But France’s relations with the Malian junta, which it wants to persuade to accept a transition to democracy, have crumbled to the point that Macron had to cancel plans to visit troops stationed in Mali over Christmas after the junta refused to meet him.

Blaming Paris for abandoning it after pulling out of northern cities, the junta has turned to Russian-linked mercenaries to fill the void.

When France intervened in Mali in 2013, its fighter jets were essential in stopping the Islamist advance. Nine years later, these same warplanes dropped flares in November to warn civilians who were blocking French military convoys.

Harsh sanctions imposed by the regional economic bloc ECOWAS in Mali have not deterred the junta. On the contrary, people have turned against the bloc, accusing it of being France’s lackey.

French-backed efforts to implement new UN sanctions were vetoed by Russia and China, creating a sense that France was against Malians.

This growing frustration spilled over into Burkina Faso on Monday. A Reuters reporter saw a group burning a French flag just hours after the coup, while placards read “Together, we say no to France. Shit France!”

“Today, the people of Burkina Faso are asking for Russia’s support to accompany them in this fierce struggle that is imposed on us,” coup leader Armel Kaboré told Reuters.

TROOPS NOT WELCOME

The Takuba force includes 14 countries, the majority of which are Eastern European and Scandinavian. Its workforce on the ground – about 600 which includes medical and logistical teams – is more symbolic than operationally significant.

But now there is deep unease among Europeans over the presence of Russia and mercenaries and the political crisis.

“Nobody knows what to do. Nobody wants to stay at all costs. In Mali, we have to convince the junta to accept a credible transition. But we will follow the French,” said a European diplomat whose country contributes to the task force Takuba. .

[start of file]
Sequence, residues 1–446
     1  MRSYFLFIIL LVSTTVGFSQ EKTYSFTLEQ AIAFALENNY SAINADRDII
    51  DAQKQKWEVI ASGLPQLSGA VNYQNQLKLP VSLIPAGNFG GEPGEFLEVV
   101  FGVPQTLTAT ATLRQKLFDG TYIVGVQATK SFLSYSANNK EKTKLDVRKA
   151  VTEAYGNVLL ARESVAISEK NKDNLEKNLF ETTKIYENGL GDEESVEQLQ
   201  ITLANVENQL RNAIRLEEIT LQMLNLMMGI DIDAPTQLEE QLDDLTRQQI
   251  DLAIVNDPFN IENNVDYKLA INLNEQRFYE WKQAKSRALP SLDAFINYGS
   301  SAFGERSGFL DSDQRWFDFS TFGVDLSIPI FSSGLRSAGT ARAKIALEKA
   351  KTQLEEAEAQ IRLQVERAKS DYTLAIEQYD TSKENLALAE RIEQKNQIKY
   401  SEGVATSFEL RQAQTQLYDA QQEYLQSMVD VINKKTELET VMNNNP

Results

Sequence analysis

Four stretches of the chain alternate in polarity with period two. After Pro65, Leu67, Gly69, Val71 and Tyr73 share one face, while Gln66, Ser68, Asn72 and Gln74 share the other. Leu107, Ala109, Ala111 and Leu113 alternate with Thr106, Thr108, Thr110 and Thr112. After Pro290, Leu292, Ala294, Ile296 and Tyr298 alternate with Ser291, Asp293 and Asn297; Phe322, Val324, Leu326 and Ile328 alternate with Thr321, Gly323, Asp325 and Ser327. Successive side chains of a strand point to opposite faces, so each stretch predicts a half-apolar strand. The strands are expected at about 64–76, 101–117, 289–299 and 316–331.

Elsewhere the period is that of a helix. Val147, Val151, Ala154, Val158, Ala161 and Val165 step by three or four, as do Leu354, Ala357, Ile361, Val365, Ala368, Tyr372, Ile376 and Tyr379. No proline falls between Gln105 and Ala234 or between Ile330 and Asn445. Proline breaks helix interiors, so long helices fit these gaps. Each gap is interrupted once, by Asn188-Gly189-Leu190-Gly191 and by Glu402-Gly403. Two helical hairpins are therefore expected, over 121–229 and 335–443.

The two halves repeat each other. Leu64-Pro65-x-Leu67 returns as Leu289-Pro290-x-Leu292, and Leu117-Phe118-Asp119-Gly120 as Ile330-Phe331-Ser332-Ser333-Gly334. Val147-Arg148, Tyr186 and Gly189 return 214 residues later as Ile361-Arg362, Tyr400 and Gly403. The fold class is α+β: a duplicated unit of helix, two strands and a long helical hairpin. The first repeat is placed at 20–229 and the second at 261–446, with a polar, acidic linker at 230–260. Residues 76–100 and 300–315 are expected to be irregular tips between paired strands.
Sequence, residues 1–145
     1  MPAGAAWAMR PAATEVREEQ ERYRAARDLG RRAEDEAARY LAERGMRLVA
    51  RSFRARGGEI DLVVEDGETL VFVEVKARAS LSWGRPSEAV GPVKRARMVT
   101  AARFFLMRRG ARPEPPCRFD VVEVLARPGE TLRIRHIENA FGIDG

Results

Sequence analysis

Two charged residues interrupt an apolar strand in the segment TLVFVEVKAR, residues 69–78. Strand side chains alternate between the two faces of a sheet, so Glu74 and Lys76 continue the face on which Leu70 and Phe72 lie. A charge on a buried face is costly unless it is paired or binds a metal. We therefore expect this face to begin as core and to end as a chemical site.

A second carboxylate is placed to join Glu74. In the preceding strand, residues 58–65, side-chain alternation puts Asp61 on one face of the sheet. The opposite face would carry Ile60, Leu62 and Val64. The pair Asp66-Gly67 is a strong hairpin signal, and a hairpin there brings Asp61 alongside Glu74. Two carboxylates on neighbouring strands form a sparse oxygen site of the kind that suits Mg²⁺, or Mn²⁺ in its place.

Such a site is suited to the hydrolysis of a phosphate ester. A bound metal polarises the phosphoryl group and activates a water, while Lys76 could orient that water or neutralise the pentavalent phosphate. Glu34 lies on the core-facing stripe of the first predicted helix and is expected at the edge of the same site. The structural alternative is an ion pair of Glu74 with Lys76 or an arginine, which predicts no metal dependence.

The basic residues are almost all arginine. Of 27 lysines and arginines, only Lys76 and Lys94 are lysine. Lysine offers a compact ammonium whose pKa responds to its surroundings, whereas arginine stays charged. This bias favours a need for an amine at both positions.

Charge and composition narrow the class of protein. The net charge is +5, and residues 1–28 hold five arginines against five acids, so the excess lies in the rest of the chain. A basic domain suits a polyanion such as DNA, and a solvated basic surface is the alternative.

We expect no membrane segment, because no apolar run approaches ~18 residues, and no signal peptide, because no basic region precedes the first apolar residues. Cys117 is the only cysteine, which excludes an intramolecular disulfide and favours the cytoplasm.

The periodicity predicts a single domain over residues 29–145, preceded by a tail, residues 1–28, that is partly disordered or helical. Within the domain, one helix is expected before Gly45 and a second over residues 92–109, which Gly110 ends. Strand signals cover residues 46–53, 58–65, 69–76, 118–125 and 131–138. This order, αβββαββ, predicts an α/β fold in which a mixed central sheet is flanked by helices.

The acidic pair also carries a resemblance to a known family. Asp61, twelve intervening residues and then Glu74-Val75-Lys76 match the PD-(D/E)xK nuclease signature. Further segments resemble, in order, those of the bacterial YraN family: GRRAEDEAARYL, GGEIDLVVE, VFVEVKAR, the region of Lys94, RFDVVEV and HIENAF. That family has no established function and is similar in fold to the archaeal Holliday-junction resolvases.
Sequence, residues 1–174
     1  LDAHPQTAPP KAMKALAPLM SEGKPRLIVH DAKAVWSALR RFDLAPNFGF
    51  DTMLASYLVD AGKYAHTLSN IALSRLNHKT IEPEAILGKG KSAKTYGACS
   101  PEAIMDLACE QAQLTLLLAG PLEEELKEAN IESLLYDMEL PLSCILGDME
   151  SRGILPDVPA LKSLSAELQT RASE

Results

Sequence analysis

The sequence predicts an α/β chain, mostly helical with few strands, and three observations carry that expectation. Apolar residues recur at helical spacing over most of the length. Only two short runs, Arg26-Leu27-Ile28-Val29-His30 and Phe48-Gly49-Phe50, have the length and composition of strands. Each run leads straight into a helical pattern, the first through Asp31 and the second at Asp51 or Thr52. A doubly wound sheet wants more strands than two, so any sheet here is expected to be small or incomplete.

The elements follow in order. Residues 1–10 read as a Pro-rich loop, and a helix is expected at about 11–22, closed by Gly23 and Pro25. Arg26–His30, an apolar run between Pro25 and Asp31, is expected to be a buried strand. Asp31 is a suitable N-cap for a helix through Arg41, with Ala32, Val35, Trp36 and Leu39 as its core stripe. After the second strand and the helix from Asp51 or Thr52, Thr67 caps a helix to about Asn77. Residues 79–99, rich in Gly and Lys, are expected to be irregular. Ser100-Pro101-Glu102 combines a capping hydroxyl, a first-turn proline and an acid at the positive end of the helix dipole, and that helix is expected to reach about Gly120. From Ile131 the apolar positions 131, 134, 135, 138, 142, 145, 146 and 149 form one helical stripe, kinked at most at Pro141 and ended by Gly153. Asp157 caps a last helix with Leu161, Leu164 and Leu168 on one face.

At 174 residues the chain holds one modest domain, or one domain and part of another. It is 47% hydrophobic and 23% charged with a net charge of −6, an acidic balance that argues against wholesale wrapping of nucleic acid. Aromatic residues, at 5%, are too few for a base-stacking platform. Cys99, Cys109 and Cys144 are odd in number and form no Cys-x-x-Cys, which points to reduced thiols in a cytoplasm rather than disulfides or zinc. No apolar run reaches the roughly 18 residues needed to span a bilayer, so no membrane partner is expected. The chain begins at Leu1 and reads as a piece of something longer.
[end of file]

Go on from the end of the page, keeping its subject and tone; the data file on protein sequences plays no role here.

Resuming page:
France is desperate to ensure that no one leaves, having bet so much on the “Europeanization” of the intervention in the Sahel. Some have reaffirmed their commitment, such as Estonia. Sweden maintained plans to withdraw around 100 staff in March.

It may not depend on France. Mali’s junta this week called on Denmark to immediately withdraw the troops it deployed in early January as part of Takuba, although Copenhagen later said they had a clear invitation to be there.

If the junta decided to ask Takuba to leave, it would severely limit Paris. Niger, which is now France’s main operational base in the region, has already ruled out taking on additional foreign forces, officials said.

Diplomats say the cost of a full withdrawal would be too high for France, given the military kudos it has earned from key allies including the United States. But he may still need to refine his strategy.

“Maybe Barkhane goes away and the French focus all the more on the littoral countries,” said Shurkin of consultancy 14 North Strategies.

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Additional reporting by Bate Felix and Aaron Ross in Dakar; Editing by Mike Collett-White

Our standards: The Thomson Reuters Trust Principles.